High School Physics

# Microwave ovens working principle & physics behind its operation

In this post, we will briefly discuss the science behind the operating principle of the microwave oven. This marvelous invention somehow heats only the soft parts of the food and leaves the inorganic and hard materials, like ceramic and the surfaces of bone, at approximately the same temperature. A neat trick, indeed, but how is it done? Let’s see how microwave ovens work.

## How do Microwave ovens work?

• Microwave ovens take advantage of a property of water molecules called bipolarity. Water molecules are considered bipolar because each molecule has a positive and a negative end. In other words, more of the electrons in these molecules are at one end of the molecule than the other.
• Because microwaves are a high-frequency form of electromagnetic radiation, they supply an electric field that changes polarity billions of times a second.
• As this electric field passes a bipolar molecule, the positive side of the molecule experiences a force in one direction, and the negative side of the molecule is pushed or pulled in the other direction.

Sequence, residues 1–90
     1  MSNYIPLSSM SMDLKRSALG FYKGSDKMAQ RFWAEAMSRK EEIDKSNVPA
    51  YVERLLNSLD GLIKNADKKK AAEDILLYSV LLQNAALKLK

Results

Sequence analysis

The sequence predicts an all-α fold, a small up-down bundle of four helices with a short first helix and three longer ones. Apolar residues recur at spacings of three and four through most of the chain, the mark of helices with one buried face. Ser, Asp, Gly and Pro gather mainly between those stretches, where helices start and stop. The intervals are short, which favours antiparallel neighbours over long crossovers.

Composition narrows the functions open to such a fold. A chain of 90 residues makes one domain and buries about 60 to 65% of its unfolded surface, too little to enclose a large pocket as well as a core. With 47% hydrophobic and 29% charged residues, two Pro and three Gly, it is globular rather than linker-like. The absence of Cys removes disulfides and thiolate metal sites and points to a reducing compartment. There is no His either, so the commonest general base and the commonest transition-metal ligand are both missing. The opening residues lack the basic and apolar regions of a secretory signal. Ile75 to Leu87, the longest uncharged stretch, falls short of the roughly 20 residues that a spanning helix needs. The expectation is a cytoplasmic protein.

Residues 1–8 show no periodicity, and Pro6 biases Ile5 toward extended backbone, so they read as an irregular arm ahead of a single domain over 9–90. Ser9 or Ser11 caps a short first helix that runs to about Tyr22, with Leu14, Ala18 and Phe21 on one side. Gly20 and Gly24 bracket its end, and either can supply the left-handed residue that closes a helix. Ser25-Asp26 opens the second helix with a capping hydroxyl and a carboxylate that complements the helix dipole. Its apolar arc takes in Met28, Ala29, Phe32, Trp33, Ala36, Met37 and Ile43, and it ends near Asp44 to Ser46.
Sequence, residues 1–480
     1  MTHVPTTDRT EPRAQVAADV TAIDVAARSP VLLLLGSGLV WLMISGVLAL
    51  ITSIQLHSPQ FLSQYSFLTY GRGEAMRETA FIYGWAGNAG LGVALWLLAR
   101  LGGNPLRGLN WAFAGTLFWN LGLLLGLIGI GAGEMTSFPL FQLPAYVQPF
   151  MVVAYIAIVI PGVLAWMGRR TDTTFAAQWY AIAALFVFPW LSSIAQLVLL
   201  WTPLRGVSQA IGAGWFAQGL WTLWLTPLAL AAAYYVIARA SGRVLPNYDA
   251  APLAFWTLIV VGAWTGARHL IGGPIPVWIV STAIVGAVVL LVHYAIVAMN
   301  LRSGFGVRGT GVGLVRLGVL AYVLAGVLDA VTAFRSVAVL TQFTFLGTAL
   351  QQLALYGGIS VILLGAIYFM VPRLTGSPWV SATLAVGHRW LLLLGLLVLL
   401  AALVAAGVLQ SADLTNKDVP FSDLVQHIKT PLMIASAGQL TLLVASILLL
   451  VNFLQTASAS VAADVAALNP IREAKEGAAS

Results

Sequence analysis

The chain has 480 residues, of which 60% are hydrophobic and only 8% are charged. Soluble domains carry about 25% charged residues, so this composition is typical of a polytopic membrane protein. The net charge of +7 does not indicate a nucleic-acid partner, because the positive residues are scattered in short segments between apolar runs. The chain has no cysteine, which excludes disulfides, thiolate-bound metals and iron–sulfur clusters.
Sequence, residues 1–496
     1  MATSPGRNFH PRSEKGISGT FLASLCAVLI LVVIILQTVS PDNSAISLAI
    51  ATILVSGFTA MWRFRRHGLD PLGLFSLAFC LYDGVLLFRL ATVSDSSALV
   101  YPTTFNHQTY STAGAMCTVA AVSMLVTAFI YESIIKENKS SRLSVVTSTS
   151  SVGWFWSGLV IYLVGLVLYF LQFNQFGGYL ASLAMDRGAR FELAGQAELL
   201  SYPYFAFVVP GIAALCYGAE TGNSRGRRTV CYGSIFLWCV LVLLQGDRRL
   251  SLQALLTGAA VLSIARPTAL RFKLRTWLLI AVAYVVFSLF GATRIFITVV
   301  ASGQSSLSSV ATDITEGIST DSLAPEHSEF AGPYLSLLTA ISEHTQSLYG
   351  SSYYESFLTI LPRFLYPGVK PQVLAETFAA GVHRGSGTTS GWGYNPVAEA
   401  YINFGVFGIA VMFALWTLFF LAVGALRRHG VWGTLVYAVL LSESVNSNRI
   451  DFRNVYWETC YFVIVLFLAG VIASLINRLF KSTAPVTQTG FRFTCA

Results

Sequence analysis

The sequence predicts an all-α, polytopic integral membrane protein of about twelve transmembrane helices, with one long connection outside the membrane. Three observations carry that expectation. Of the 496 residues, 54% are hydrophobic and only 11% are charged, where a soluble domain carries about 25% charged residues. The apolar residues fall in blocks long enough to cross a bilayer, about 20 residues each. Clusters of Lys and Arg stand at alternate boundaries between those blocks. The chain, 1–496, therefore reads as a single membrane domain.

• When the field changes polarity, the directions of these forces are reversed. Instead of tearing apart, the molecules swing around and line up with the electric field.
• As the bipolar molecules swing around, they rub against one another, producing friction.
• This friction in turn increases the internal energy of the food.
• Thus, Energy is transferred to the food by radiation (the microwaves) as opposed to conduction from hot air, as in a conventional oven.

## Energy produced

Depending on the microwave oven’s power and design, this rotational motion can generate up to about 3 J of internal energy each second in 1 g of water. At this rate, a top-power microwave oven can boil a cup (250 mL) of water in 2 min using about 0.033 kW•h of electricity.

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